Google collected the unique identifying addresses of computers and mobile phones that used wi—fi networks whose data was logged by the company’s Street View vehicles, technology website CNet.com reported Monday.
The report represents a further privacy problem for the US—based web search giant, after a government audit last year in Germany revealed that Google’s Street View cars were collecting personal data from unsecured wi—fi networks, including email addresses and phone numbers.
Google said that the information had been accidentally collected and claimed to have initiated strict protocols to prevent a recurrence.
CNet said that the new privacy lapse highlighted another loophole in Google’s system.
Street View cars were meant to collect the locations of wi—fi access points, a widely used method to help smartphones figure out their location in the absence of strong cell—phone or GPS signals.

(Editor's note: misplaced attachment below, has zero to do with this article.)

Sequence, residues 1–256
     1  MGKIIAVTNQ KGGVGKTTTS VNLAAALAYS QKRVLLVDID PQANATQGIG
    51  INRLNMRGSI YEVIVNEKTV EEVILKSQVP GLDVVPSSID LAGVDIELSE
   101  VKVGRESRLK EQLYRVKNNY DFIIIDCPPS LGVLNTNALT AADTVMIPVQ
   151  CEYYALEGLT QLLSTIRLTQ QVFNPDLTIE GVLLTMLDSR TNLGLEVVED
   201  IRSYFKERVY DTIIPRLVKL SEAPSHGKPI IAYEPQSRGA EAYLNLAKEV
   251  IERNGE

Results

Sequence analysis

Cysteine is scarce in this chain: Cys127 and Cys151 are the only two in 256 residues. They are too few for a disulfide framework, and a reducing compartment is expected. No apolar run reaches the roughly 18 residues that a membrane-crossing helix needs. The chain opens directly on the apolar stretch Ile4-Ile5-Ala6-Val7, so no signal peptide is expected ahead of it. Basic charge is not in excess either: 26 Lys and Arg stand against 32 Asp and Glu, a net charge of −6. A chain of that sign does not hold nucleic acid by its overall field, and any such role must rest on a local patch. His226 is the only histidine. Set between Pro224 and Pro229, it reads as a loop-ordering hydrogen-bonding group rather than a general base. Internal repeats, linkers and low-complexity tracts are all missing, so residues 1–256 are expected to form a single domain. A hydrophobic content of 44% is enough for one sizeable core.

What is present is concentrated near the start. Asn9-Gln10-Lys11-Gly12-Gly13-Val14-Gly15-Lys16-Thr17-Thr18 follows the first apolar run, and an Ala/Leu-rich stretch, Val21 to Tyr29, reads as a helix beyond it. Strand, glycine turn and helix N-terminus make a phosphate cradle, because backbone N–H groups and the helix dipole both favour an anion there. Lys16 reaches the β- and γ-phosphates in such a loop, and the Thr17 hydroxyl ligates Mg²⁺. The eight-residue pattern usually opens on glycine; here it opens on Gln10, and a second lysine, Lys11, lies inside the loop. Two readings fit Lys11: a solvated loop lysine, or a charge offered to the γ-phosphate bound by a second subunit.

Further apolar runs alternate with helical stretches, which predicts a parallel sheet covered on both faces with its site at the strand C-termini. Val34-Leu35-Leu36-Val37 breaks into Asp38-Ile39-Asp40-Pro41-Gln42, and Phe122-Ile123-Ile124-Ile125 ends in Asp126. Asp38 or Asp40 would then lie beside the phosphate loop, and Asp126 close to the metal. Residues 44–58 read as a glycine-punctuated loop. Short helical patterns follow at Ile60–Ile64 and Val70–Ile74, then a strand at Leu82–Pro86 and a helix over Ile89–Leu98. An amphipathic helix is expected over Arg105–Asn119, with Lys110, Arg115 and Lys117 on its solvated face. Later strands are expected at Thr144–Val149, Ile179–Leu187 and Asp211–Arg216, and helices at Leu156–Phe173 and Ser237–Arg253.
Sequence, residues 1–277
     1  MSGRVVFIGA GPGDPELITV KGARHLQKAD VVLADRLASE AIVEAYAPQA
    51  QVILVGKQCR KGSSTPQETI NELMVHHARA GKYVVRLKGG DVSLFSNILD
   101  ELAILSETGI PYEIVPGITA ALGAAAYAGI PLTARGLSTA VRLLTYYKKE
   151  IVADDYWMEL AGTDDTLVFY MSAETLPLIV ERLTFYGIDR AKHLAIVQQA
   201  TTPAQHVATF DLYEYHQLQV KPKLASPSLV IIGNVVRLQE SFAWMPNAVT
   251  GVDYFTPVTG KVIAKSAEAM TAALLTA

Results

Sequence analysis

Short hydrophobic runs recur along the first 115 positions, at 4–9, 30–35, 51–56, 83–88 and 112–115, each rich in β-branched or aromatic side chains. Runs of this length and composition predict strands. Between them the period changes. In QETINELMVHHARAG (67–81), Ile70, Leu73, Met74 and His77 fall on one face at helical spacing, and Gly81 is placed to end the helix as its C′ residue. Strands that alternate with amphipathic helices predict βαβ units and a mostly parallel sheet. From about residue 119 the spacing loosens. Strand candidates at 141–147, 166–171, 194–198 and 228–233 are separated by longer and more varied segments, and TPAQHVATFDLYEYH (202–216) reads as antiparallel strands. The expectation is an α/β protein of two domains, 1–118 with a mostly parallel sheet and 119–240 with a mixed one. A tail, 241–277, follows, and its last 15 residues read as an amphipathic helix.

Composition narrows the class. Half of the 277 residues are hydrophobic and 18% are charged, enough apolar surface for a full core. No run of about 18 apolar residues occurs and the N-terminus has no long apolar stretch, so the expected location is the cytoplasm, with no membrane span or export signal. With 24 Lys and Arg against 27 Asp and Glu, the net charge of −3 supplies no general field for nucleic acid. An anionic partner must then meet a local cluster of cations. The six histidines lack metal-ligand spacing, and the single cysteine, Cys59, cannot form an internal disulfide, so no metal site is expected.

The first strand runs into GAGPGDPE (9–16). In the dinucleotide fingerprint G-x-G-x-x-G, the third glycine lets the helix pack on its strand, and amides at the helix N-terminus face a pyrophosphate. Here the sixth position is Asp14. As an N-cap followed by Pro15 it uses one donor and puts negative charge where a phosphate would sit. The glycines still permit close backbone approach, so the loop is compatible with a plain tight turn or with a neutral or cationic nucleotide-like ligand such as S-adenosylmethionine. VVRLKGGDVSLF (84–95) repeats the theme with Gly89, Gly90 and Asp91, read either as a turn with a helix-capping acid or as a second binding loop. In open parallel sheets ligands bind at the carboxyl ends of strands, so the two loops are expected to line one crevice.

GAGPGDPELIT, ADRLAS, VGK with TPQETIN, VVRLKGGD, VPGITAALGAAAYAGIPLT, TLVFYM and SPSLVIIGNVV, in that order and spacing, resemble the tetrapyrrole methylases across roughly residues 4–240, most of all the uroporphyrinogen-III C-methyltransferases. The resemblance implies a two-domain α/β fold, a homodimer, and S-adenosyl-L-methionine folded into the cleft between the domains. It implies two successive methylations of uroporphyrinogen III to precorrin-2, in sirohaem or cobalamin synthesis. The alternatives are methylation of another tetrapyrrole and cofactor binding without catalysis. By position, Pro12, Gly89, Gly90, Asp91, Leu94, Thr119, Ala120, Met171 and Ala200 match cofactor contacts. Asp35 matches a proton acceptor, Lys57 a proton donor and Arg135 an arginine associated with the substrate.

While recording that information, the Google vehicles also scooped up the street addresses and unique identifiers of computers and other devices using those wi—fi networks and made the data available over a publicly accessible database.
Google competitor Apple has faced its own privacy issues over its now discontinued practice of recording logs showing the approximate location data of millions of iPhones.
The report said that Google has now discontinued the practice, and that the data it collected is no longer publicly available. The company declined to comment on the report.
Keywords: Street View